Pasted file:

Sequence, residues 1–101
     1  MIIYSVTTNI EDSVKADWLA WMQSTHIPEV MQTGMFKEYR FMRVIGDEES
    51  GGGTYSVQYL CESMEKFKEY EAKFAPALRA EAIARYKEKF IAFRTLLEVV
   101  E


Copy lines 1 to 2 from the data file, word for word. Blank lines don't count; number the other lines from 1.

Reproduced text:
Sequence, residues 1–101
     1  MIIYSVTTNI EDSVKADWLA WMQSTHIPEV MQTGMFKEYR FMRVIGDEES